That would be a ‘no’. Let us start with the basics. If one has a privilege, by definition one should be able to control it. This is the point of wealth privilege. Having money does not afford one privilege; being able to use that money to benefit you in ways poorer people cannot does give one privilege. The entire point of privilege is to be able to exploit it. If you cannot, then it is not a privilege.
Violet realizes this, hence the two examples she gives. However, neither of those examples prove her point. The reason most men are paid more than women is because men are more likely to ask for more money, more likely to work overtime, and more likely push for promotions. The idea that men can walk down the street alone at night without fear of violence is so laughably moronic that it is tempting to take Violet to a bad neighborhood, put her on the roof of a building, and let her watch what happens to men who think they have nothing to fear. Not only do men fear walking alone at night, they have good reason to. They are significantly more likely to be victims of strangers’ violence than women.
Privilege is not personal. Privilege is institutional and cultural. It is macro. You have privilege because you are part of a group that has privilege.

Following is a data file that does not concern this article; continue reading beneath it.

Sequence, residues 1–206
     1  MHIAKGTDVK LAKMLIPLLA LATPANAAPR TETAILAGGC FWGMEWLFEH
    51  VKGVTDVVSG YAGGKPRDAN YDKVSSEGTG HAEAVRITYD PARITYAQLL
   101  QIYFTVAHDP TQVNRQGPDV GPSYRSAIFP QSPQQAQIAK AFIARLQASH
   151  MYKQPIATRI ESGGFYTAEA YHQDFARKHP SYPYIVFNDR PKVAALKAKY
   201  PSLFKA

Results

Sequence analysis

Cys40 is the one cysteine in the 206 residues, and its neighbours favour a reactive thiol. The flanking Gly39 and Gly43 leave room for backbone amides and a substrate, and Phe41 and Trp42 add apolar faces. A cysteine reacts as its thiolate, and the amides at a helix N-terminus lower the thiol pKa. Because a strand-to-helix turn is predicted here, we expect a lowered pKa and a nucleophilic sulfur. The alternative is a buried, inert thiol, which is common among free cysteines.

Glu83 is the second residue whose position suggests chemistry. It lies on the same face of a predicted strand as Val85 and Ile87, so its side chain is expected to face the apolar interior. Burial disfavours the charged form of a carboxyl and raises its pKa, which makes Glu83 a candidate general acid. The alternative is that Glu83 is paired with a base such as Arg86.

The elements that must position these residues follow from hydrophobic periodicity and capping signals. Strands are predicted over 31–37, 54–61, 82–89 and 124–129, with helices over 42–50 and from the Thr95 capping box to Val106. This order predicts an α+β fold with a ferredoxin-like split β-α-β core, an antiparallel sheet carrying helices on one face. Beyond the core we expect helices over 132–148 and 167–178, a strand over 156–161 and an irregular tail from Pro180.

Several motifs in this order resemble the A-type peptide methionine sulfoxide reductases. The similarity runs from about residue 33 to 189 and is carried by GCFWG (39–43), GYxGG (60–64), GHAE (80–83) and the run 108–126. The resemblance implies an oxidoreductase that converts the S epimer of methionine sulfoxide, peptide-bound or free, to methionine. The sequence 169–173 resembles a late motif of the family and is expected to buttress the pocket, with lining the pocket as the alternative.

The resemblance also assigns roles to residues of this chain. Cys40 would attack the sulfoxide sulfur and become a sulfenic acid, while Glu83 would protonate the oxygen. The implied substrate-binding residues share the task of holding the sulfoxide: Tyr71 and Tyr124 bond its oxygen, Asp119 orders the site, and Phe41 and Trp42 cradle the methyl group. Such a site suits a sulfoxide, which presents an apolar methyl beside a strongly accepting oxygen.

If that were true, why tell people to “check your privilege?” It has nothing to do with them personally, correct? They have no direct control over it, correct? In most instances they are not even aware they have it, correct? So what are they checking and why should they check it?
Violet offers an answer:
Checking your privilege doesn’t mean anyone is asking you to say “I only have things because I am part of privileged groups”.
Yes, it does. Violet stated that above. I will quote her again: “Privilege is when you get conscious or unconscious benefits from a demographic trait about yourself that you cannot control.” She then gave two examples and implied those things only happen because of said “privilege.” Contrary to Violet’s poorly thought out retort, the concept of “privilege” does mean that a person with “privilege” should assume they only achieve things as a result of said “privilege.”
Let us see if Violet explain why this is not true without contradicting herself again and without condescension: